Are you experiencing moments of doubt now? Does it appear that there is no one around you to trust? Please know that this is a false belief—there is always someone who is willing to help. During times of deep depression I too struggle immensely with doubt. I doubt that I am worthy of friendship. I sometimes even doubt that my beloved Father in Heaven care for me.

Surrounding myself with good and holy people help pull myself out of this tendency to self-doubt. Last week, my manager at work provided much needed words of consolation when I struggled with depression in the workplace. Each week I attend the celebration of the Holy Sacrifice of the Mass where I am united in communion with other fellow Catholics. Through reception of the Eucharist I am nourished by the body, blood, soul, and divinity of Jesus Christ to journey out into the world for the next week. Thanksgiving, recognizing the small achievements, and seeking fellowship with others allow you to gain an upper hand in your daily battle against depression. Thank you all for reading my articles and continue to fight the good fight!

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Death is not the End

Benjamin Franklin once declared, “The only guarantee in this life is taxes and death.” References to our mortality is oftentimes an uncomfortable topic for humanity in modern Western civilization. We do not want to hear, nor discuss, that all things eventually die. Decay of our bodies and deterioration of our minds is a sinister notion. Because of the fall, death [and sin] entered the world. God’s original plan for His greatest creation—mankind— did not involve dying and eventually being buried six feet under.

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 Bleakness, death, and despair hounded me over the few months. My wife and I suffered another miscarriage in December and my grandfather suffered a heart attack at the end of 2017—he passed on from this life on January 15th. Along with my personal encounters with suffering, I attended a funeral Mass for a stranger—my first such event! Our parish priest during the close of the Sunday liturgy told the congregation of a tragic story about a young military mother who died of brain cancer. He notified us of the funeral time to see if anyone wanted to attend to support her family.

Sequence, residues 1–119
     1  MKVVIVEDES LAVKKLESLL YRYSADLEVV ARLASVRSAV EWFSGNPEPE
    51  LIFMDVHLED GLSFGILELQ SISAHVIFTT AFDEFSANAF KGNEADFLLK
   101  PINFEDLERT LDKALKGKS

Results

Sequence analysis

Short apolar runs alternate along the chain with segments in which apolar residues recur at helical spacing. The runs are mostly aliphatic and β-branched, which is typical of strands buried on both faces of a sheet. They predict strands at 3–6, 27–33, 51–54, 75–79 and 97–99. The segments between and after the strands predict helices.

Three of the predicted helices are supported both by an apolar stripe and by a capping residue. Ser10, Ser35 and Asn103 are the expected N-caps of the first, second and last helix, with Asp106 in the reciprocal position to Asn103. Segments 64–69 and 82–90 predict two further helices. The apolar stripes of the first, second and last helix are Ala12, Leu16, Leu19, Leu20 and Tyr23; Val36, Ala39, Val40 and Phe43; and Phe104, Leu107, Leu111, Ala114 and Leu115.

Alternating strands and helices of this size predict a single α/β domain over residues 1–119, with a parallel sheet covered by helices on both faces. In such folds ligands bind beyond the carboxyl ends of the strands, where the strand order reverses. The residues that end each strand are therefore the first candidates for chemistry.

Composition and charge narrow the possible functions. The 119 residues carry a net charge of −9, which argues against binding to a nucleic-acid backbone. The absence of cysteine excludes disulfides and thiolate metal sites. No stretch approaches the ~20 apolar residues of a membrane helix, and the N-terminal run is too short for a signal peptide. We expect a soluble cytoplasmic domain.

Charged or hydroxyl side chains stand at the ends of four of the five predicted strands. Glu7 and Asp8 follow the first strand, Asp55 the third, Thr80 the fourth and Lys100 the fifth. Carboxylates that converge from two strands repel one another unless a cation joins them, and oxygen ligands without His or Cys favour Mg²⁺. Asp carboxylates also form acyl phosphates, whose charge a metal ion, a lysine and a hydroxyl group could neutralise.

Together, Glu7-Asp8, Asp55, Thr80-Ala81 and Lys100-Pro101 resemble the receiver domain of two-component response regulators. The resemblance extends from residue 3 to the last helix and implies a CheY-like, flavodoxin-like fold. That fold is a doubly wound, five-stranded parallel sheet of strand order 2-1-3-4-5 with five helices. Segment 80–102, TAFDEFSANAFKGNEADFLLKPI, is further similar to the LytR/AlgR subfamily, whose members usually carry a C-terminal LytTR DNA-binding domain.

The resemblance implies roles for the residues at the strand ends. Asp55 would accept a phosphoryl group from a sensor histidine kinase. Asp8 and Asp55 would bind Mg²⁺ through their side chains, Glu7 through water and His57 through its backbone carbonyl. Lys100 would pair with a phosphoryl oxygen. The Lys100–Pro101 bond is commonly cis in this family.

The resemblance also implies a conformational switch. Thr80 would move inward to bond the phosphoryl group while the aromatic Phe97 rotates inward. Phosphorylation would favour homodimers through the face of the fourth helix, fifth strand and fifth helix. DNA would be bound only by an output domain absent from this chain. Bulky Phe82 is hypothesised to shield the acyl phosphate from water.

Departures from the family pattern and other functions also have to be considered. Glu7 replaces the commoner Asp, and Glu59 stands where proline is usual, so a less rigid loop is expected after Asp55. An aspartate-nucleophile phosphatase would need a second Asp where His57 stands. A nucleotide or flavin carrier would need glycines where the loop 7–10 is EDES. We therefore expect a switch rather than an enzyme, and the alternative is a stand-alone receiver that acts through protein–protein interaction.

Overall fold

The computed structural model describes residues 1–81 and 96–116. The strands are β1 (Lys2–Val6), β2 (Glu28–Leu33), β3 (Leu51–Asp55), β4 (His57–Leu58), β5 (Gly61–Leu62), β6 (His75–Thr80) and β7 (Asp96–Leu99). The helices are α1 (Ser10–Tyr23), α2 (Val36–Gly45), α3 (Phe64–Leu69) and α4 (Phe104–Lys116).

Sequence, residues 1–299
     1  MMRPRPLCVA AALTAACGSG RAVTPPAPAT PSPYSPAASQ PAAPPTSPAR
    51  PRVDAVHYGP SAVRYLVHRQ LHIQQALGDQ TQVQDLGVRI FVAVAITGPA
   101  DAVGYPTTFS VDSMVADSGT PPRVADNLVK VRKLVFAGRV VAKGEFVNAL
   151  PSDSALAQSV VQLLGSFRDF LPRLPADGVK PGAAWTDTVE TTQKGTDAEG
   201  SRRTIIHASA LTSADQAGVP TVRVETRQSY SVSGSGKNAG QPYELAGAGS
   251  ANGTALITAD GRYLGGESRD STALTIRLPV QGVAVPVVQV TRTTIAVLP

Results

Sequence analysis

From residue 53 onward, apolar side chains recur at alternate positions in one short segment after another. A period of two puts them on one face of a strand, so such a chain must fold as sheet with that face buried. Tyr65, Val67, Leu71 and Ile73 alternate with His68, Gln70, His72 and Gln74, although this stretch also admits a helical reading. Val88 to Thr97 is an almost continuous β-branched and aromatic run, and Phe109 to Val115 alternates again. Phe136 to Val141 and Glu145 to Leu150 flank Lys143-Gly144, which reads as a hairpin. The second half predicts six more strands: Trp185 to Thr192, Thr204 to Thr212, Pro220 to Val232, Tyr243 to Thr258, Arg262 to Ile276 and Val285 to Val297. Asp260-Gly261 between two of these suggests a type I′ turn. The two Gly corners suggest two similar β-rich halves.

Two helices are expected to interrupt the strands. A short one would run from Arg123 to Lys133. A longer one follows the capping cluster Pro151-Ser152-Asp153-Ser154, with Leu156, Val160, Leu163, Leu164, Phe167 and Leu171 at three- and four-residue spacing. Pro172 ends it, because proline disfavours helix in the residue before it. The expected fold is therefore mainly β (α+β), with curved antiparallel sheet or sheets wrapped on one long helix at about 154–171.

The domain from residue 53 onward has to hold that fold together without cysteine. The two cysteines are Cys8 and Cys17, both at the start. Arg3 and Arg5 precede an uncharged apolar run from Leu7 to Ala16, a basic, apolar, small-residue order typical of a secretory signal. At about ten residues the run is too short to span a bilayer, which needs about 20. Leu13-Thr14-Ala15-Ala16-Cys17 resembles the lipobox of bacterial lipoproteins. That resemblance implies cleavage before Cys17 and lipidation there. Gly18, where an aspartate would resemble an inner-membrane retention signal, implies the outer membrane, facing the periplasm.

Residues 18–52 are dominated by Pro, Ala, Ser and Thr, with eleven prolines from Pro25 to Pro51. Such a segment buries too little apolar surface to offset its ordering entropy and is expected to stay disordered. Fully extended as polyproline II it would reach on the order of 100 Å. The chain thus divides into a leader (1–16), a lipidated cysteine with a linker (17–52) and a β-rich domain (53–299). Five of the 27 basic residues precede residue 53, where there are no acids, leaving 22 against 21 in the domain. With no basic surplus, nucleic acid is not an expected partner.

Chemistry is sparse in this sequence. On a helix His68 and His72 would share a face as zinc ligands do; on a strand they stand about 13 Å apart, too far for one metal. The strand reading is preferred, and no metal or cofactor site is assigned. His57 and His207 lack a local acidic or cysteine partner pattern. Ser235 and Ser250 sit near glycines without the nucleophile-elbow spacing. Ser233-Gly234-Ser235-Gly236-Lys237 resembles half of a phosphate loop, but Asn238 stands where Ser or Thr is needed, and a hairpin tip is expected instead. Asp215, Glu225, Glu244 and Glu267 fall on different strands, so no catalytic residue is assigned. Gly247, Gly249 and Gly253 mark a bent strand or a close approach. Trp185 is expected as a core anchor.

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Such macabre normally causes me pause—and even fright—however, the school of suffering taught me that death is not the greatest fear in this world. Grounded in my faith combined with the teacher of experience, I learned that death is not the end! While moments of despair linger daily, hope persists. Earlier in 2017, I read Fr. Michael Gaitley’s book ‘You Did it to Me’: Divine Mercy in Action. In hindsight, picking up his work at the Lighthouse Catholic Media kiosk in my church’s atrium was a turning point in my spiritual life. For those that have not heard of this title, the premise of the book involves providing practical ways to infuse divine mercy into our daily living.

Chapter Two of Divine Mercy in Action focused on the corporeal works of mercy of paying our respects to the deceased and welcoming strangers. Fr. Gaitley provided pages at the end of each chapter for practical tips to grow in holiness. Attending a stranger’s funeral—one of the suggestions— piqued my interest. I thought I would have to wait until my children were grown-up in order to actualize the corporeal work of “burying the dead” in my own life.

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The Holy Spirit works a mysterious and curious manner. Heeding my priest’s words, I scarified my time, something of myself. In a sense, I died—died to my fear—fear of showing up to an event where I knew no one aside from the presiding priests at the funeral. One caveat on this point, I actually did not stay for the entire Mass and I never was able to enter the church! Instead, I roamed the church vestibules as I brought my two young children with me. Frequently chasing my runaway two-year old eventually got the better of me. Mother Teresa once said, “God doesn’t require you to succeed, he only requires that you try.”